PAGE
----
This piece originally appeared on Three Degrees.
Instagram is dead, long live Instagram. The second largest media network — and fastest growing one, at that — has ditched what made it unique in the first place: the square.
Years of restricting media to a square format forced users to get creative, but at long last, the latest update has allowed for full size images and videos in landscape and portrait sizes. According to the company’s blog, it was time. Nearly one in five posts don’t stick to the square, using third party apps like Whitagram or Afterlight to add whitespace to their content before sharing. While this obviously creates a shift in the content everyday users are sharing, the most sizeable impact will be on businesses.
Last year, Instagram opened themselves up for ads, and at first they were sparsely integrated and saved for the biggest and best brands, worked out exclusively between brands and an Instagram sales representative. But earlier this month, Instagram opened up its advertising API (application programming interface), making ad buys way more accessible for brands of all sizes. So much so, that EMarketer predicts Instagram will generate $595 million in advertising revenue this year, and surpass Google and Twitter in mobile ad revenue by 2017.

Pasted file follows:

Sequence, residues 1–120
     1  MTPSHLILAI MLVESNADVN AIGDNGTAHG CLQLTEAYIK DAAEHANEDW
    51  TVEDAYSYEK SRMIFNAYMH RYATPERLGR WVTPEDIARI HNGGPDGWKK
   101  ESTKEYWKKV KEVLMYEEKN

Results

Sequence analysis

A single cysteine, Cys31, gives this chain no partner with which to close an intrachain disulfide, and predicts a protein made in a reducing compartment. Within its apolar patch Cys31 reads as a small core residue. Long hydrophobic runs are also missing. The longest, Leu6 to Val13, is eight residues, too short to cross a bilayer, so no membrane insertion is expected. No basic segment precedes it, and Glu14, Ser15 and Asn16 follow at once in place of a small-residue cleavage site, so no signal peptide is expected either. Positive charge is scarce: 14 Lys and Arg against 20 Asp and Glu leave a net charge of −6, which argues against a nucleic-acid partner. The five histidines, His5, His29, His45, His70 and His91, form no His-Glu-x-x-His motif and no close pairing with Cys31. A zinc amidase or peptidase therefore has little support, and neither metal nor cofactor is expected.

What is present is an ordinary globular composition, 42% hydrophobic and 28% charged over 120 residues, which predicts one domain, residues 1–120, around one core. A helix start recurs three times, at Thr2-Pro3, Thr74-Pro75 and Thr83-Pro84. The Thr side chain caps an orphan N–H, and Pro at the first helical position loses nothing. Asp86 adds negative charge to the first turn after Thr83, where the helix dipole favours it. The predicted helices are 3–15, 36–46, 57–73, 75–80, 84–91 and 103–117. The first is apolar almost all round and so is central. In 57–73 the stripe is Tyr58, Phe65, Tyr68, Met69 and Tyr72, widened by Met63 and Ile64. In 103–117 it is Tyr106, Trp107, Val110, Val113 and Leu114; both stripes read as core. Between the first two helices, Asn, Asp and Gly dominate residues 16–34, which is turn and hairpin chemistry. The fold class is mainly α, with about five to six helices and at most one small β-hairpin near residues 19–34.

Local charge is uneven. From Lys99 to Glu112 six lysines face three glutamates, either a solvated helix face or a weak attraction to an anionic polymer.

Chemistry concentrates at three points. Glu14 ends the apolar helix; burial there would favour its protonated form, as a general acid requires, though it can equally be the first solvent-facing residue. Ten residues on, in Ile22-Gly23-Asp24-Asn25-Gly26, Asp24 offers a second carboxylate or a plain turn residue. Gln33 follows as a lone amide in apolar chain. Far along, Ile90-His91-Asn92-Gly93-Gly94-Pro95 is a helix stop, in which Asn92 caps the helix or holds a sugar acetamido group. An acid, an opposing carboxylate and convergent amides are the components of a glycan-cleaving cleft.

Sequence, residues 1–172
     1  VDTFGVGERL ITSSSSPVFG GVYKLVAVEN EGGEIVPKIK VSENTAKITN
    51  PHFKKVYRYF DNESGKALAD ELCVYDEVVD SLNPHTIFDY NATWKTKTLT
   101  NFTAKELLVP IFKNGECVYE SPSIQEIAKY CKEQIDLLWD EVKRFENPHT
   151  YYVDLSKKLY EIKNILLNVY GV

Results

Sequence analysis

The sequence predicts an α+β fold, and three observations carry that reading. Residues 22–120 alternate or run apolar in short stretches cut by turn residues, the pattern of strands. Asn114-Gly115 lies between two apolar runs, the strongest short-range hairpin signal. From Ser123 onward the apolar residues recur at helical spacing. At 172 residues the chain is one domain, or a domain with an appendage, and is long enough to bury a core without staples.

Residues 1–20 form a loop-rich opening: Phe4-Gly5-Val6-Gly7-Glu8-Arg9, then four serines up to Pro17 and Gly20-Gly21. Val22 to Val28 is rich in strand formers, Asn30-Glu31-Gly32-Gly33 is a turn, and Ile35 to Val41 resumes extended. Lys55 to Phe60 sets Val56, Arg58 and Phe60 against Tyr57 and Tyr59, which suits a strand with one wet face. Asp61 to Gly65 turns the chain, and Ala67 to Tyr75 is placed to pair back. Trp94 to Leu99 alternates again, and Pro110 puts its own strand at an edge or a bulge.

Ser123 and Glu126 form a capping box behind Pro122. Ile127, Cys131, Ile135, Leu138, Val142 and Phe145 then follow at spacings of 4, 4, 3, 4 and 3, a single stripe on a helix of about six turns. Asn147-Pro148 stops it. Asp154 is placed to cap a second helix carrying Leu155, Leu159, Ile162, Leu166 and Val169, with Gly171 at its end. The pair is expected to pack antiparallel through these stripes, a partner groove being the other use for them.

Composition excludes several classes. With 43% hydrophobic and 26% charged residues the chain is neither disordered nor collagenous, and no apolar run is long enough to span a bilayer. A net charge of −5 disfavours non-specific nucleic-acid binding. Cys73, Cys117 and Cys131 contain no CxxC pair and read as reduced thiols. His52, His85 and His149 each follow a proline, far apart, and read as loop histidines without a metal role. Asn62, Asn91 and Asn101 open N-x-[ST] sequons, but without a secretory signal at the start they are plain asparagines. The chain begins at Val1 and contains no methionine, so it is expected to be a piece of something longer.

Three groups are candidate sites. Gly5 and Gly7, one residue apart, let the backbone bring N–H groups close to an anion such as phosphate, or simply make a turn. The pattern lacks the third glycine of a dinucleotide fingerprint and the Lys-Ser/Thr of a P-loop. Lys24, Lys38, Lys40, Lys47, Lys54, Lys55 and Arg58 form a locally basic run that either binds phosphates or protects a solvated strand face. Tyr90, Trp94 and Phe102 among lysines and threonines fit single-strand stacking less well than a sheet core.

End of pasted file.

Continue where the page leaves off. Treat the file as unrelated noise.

Which is why the change in media format matters so much. Now that more brands will be advertising on Instagram, things could go one of two ways. Brands could embrace the freedom of layout as an opportunity to be more creative — think full portrait looks from fashion brands or horizontal teaser videos from movies.
Or, they could get lazy, and integrate the same standard TV promo, horizontal banner ad, or vertical Snapchat video, which is what a lot of critics fear. The square was like Twitter’s 140 characters or Snapchat’s 10 seconds. Was it restrictive? Yes. Did it make for unique content once people were forced to adapt? Absolutely.
Opening up the API was a step away from their pains to regulate ads that were authentic and compelling, ads that would seamlessly flow in a user’s feed. This, combined with the new media format could spell out success or it could be a disaster. The cards are all in the hands of brands now. And let’s hope they remember what Uncle Ben said: “with great power comes great responsibility.”